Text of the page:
Edit Module
Edit Module
Edit Module
Edit Module

Why Are Chicago Mayors So Obsessed with an O’Hare Express Train?

Is it to get travelers downtown a bit faster, or is it chasing a status symbol?

It’s the idea that won’t die—but why?   Photo: José Moré/Chicago Tribune

Yesterday, as part of a big infrastructure speech, Rahm Emanuel announced not only that he was still pursuing his dream of a devoted O’Hare express train to downtown, he’d made a new hire to get the deal done and set a three-year goal to “start” the project. Sounds like a big deal—and the city’s already committed up to two million on a study for the project.

It’s not the first study to be done, nor the first time this project has been pushed. When I started at the Chicago Reader over a decade ago, Ben Joravsky wrote a piece titled, “How Much Would You Pay to Get to the Airport 15 Minutes Faster?: The City Council just approved a plan to spend $213 million on a station for new train lines nobody asked for and nobody can afford to build.”

That was in 2005. The Daley administration started building that station soon thereafter and subsequently abandoned it in 2008. (Greg Hinz got an interesting tour of it, if you’re so inclined.) So we have previously committed far more money and time to the idea and seen fit to drop it.

Last year, when the city signed the contract for the express-train study, Daniel Kay Hertz made four arguments against it for Chicago. No. 1 was the failure of Toronto’s Union Pearson Express, which was then attracting just over 2,000 riders a day, less than half of what they deemed a successful ridership figure and less than a third of what it would take to break even—not typically the point of public transit, which is expected to be subsidized as a general good, but a harder case to make for an expensive ride catering to business travelers. Since then daily ridership has gone up to over 7,000, but only after cutting the one-way fare from $27.50 to $12 ($19 to $9 with a card), much less than the $25 to $40 figure that’s been suggested for the O’Hare Express.

The Heathrow Express is the gold standard of dedicated airport express trains: privately financed, profitable, and popular. If Chicago is going to keep to its no-public-money goal, it’s the ideal. But the Heathrow Express’s 15-minute journey saves up to 45 minutes and costs about half as much (£25 versus £45-70) compared to grabbing a taxi in London. An express train from O’Hare to downtown could save a lot of time under the worst conditions (25 to 30 minutes versus 1 hour and 15 minutes) but wouldn’t save much time under more typical conditions. The cost savings would be closer to a quarter or a third ($25-$40 versus $30-$40 on average plus tip). The value proposition for private money is a bit trickier.

Why not just tell people to take the Blue Line—which has much shorter headways than any express train will ever have, and is maybe 15-20 minutes longer, meaning that overall it’s basically just as efficient—as many have suggested? This is the other major piece of the issue. When Richard M. Daley was a brand-new mayor in 1990, the CTA did a study of transportation to O’Hare, finding that only about five or six percent of people got to O’Hare via the Blue Line, compared to about 20-25 percent by taxi/limousine. It was even lower than hotel vans.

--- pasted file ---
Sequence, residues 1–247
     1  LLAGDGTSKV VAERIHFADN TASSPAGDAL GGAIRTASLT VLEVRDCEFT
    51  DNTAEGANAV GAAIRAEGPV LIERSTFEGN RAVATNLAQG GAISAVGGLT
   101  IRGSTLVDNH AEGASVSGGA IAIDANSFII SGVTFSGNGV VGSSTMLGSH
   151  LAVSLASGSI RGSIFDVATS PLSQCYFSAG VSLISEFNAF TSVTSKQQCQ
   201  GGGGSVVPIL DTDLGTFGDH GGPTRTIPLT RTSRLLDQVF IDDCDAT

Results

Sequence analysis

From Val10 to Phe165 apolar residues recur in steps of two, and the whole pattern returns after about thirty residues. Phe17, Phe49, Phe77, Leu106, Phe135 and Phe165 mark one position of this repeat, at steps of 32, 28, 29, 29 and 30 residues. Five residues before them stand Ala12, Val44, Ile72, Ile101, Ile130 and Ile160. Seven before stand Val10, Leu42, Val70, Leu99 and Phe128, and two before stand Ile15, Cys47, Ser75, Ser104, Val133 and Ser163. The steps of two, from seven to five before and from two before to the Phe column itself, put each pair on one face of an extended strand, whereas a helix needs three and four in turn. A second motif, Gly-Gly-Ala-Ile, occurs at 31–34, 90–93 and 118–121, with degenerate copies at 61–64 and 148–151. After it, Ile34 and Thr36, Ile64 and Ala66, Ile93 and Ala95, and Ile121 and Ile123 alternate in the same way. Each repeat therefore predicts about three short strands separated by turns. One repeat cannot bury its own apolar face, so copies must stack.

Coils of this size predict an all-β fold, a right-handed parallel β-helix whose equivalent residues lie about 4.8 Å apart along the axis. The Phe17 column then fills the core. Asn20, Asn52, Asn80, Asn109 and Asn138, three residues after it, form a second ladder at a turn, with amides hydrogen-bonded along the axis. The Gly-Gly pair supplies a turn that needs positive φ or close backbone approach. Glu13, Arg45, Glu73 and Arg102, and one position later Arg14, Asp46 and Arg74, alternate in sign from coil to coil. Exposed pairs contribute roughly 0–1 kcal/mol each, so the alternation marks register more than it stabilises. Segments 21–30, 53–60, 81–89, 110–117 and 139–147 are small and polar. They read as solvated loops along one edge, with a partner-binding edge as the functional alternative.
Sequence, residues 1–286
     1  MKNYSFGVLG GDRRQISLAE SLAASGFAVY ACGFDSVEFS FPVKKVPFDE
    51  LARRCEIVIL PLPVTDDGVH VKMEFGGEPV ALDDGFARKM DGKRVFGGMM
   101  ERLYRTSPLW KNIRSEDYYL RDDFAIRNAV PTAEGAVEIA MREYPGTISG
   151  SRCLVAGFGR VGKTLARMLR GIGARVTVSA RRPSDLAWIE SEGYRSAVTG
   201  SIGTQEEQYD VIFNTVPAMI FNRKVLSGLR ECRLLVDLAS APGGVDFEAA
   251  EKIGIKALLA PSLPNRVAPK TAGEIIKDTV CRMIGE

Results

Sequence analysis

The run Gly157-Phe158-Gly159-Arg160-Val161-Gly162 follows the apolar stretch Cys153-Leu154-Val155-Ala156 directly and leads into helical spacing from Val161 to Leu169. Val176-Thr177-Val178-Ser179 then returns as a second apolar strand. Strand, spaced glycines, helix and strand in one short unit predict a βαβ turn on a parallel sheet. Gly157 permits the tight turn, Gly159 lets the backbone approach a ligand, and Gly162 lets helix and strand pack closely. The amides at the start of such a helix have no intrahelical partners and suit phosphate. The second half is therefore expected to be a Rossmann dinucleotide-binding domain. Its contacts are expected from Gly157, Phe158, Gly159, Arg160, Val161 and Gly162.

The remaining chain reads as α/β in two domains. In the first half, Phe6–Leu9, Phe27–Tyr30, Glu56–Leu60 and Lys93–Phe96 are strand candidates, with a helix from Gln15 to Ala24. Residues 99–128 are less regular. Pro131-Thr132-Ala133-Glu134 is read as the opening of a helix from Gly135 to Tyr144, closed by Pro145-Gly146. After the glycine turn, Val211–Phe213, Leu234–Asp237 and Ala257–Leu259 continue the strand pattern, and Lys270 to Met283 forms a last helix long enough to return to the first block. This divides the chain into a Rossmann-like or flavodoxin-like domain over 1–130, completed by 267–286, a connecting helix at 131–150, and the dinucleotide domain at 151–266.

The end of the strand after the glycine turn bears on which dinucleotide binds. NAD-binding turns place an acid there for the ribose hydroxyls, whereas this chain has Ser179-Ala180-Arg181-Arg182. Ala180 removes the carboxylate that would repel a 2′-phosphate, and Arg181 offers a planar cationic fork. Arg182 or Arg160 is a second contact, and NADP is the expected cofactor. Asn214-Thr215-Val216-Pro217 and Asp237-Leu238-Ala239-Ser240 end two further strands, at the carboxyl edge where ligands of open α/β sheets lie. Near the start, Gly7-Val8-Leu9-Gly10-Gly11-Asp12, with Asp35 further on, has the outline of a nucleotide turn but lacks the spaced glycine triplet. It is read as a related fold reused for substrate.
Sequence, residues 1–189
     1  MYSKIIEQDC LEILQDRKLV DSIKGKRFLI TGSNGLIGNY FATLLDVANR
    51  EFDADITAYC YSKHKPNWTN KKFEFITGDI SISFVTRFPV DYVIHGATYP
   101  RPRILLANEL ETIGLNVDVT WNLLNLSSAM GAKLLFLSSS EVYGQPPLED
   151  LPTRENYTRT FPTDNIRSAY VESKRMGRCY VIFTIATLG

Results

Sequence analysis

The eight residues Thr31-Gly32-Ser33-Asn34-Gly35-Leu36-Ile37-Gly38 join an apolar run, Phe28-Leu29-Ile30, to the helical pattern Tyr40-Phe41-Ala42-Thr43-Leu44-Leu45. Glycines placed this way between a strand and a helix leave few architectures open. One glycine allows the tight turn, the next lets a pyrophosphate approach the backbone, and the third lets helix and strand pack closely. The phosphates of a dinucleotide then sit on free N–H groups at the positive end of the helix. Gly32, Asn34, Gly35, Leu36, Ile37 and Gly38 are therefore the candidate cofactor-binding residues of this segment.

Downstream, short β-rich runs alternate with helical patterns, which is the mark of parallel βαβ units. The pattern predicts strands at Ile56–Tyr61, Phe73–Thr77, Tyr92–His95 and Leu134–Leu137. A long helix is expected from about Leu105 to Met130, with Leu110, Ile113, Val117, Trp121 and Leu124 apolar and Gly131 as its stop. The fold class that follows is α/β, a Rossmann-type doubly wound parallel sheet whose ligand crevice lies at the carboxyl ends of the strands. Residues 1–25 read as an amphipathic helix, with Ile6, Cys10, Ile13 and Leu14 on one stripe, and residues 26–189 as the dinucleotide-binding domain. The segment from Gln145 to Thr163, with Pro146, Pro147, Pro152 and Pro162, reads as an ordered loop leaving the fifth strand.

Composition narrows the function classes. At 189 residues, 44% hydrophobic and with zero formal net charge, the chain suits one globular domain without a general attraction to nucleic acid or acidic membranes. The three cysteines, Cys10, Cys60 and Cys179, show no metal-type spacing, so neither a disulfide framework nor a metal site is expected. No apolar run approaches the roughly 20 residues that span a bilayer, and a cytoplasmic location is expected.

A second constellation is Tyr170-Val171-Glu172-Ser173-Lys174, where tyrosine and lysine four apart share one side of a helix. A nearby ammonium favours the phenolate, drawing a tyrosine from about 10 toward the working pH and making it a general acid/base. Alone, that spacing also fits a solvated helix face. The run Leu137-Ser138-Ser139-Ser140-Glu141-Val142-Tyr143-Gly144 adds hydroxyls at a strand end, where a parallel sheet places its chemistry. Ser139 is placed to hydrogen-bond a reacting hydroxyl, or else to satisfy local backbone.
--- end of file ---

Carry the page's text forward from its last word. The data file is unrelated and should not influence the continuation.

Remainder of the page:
“In general,” they concluded, “the common tendency for more affluent travelers to regard public transit as a ‘lesser’ mode, intended more for the general population but not necessarily for them, probably represents a major psychological barrier in the marketing of transit connections to the Chicago Loop.” That’s changed a bit; when the CTA studied the express-train idea in 2006, they found that residents used the CTA about 20 percent of the time, and business travelers about 11 percent of the time, but both are still lower than taxi use.

If Blue Line use has improved over time, why push for an express train? A master’s student at MIT, Julia Nickel, wrote her thesis on the subject, and concluded that the Heathrow Express “signaled London’s competitiveness as a global city,” and that “the recent plans at Paris, Munich, and Chicago seem to be motivated by a perceived need to signal global competitiveness.”

She was probably on to something. Here’s what Emanuel said yesterday: “If London and Hong Kong, Tokyo, and Toronto can offer this service, the city of Chicago can and must also offer it.”

Of course, London got private businesses to signal its competitiveness as a global city. If Chicago can’t, that’s a lot of money to pay for a signal.

Share

Edit Module

Advertisement

Edit Module
Submit your comment

Comments are moderated. We review them in an effort to remove foul language, commercial messages, abuse, and irrelevancies.

Edit Module